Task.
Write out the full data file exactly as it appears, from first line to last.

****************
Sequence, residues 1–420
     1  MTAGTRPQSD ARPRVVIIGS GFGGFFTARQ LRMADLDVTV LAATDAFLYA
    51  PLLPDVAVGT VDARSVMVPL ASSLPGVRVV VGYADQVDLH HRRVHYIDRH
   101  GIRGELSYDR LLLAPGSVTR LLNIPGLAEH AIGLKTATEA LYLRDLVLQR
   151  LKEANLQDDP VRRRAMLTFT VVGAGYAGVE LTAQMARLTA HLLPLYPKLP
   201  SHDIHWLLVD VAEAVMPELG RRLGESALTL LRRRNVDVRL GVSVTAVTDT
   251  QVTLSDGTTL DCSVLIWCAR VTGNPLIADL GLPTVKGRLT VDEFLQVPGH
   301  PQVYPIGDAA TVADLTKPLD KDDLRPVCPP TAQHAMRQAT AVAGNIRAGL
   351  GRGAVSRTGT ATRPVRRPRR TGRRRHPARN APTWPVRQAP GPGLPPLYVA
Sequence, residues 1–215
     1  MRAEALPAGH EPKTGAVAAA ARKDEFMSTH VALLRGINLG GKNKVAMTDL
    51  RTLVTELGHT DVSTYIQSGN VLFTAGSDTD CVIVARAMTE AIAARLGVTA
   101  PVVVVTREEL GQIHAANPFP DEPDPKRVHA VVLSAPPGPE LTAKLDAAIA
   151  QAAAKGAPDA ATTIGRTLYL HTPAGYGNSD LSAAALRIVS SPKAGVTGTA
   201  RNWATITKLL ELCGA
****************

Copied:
Sequence, residues 1–420
     1  MTAGTRPQSD ARPRVVIIGS GFGGFFTARQ LRMADLDVTV LAATDAFLYA
    51  PLLPDVAVGT VDARSVMVPL ASSLPGVRVV VGYADQVDLH HRRVHYIDRH
   101  GIRGELSYDR LLLAPGSVTR LLNIPGLAEH AIGLKTATEA LYLRDLVLQR
   151  LKEANLQDDP VRRRAMLTFT VVGAGYAGVE LTAQMARLTA HLLPLYPKLP
   201  SHDIHWLLVD VAEAVMPELG RRLGESALTL LRRRNVDVRL GVSVTAVTDT
   251  QVTLSDGTTL DCSVLIWCAR VTGNPLIADL GLPTVKGRLT VDEFLQVPGH
   301  PQVYPIGDAA TVADLTKPLD KDDLRPVCPP TAQHAMRQAT AVAGNIRAGL
   351  GRGAVSRTGT ATRPVRRPRR TGRRRHPARN APTWPVRQAP GPGLPPLYVA
Sequence, residues 1–215
     1  MRAEALPAGH EPKTGAVAAA ARKDEFMSTH VALLRGINLG GKNKVAMTDL
    51  RTLVTELGHT DVSTYIQSGN VLFTAGSDTD CVIVARAMTE AIAARLGVTA
   101  PVVVVTREEL GQIHAANPFP DEPDPKRVHA VVLSAPPGPE LTAKLDAAIA
   151  QAAAKGAPDA ATTIGRTLYL HTPAGYGNSD LSAAALRIVS SPKAGVTGTA
   201  RNWATITKLL ELCGA